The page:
I appreciate how author Rhonda McCrimmon shows some of the similarities between Celtic spirituality and other traditions such as yoga and Buddhist meditation. I suspect that Celtic spirituality is much richer and more complex than what she has presented here. (For example, there’s no treatment of deities.) But this is a quick read and a good introduction. 

Rhonda McCrimmon is a native of Scotland who found her way around the spiritual counterculture of the West before she arrived at Celtic shamanism which, she notes, is also called Seership in Scotland. It’s a tradition, she writes, that “was suppressed by Christian conquerors, just like so many other spiritual traditions around the world.” 

The Celts were ancient ethnic groups who lived in areas from Britain to the Black Sea. They likely wouldn’t have called themselves “shamans,” as that linguistic term comes from mystical cultures elsewhere, namely Eurasia. McCrimmon’s point in using the term “shamanism” seems to be that in pre-modern cultures, you wouldn’t have had to ask someone if their local mountain is scared or if following one’s own intuition is a good idea. These premises were taken for granted. They were embedded in cultures. 
McCrimmon writes that “part of the work of Celtic shamanism today is to reanimate the world – to reverse the cultural trends that numb us to the humming, buzzing burrowing forms of life that surround us.  In this sense, shamanism is an act of deep and radical remembering.”  It’s also, she notes, “a rebellious act, because in doing so you are reclaiming your own direct connection with the divine.”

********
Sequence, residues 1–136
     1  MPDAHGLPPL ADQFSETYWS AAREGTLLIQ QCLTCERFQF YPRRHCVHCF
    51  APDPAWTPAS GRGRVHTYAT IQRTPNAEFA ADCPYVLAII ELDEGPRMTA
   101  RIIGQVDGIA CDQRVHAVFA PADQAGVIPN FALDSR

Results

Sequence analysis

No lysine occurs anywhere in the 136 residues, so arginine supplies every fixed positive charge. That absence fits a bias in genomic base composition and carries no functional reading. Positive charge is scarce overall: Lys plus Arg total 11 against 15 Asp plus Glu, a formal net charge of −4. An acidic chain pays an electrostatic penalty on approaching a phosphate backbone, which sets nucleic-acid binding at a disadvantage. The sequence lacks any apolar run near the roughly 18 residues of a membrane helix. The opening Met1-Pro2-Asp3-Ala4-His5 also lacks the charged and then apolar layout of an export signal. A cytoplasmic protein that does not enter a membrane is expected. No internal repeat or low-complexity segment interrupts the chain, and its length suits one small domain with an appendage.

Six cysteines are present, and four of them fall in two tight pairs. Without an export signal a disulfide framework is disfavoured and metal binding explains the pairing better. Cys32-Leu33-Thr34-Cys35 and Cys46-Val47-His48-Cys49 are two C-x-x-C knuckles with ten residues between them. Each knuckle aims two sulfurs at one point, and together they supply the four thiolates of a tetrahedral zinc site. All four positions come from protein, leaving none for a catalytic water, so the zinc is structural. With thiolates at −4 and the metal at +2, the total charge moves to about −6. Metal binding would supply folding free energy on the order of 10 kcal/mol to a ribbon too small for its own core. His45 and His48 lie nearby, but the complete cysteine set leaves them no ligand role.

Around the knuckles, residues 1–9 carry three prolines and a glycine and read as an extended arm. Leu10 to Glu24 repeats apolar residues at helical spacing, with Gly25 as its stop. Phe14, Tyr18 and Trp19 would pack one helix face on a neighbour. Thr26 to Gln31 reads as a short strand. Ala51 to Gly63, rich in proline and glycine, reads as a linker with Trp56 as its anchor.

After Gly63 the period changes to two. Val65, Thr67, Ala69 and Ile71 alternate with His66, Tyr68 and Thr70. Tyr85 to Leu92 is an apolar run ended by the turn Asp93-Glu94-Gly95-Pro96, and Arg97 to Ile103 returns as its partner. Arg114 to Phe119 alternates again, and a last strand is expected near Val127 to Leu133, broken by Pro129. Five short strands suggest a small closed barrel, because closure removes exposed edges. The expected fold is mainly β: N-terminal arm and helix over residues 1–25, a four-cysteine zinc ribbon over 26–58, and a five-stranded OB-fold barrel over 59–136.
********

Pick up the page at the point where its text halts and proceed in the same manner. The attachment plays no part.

The book title pays homage to two of the practical tools used in Celtic spirituality: cauldrons and drums. “My drum,” McCrimmon writes, “transports me across the thin veil that hangs between ordinary consciousness and the depths of my psyche; and my cauldron grounds and nourishes me, reminding me to tend my energy just as carefully as I would tend a simmering stew.”

The book is organized around the three inner cauldrons which are “responsible for storing and cultivating energy within every human being.” The inner cauldrons are energy centers in the human body. The lower cauldron, known as coire goriath, is analogous to the root chakra in yogic systems. The middle cauldron, the coire erma, is similar to the heart chakra. The highest cauldron, the coire sois, resembles the crown chakra. These three centers can be seen as emphasizing the physical, emotional and more purely spiritual aspects of one’s being. This view of cauldrons as lower, middle, and higher reminds one of shamanic understandings of three “worlds” or three realms of reality.  

Mostly this book is about how to pay daily attention to the energies of one’s inner cauldrons. 

The practice with inner cauldrons, McCrimmon writes, is to pay attention to their state on a daily basis. “Are they empty, simmering nicely, or boiling over?” Simple practices such as Saining, or imbuing a sense of the sacredness into a person, place or object, with breath, gestures, and words of invocation, are done with the intent of balancing the inner cauldrons by cultivating a sense of wholeness in each center of one’s being. 

“How do you know if your three cauldrons are coming into balance? It starts with a sense of deep inner wellness,” McCrimmon concludes. 

Each of the book’s short chapters includes exercises for meditation. There are also journal prompts for working with difficult emotions.  This book is good medicine for anyone devoted to the integration of spiritual practices into the daily routines of life.  

~review by: Sara R. Diamond

Author:  Rhonda McCrimmon
Hierophant Publishing, 2024
192 pp., $19.99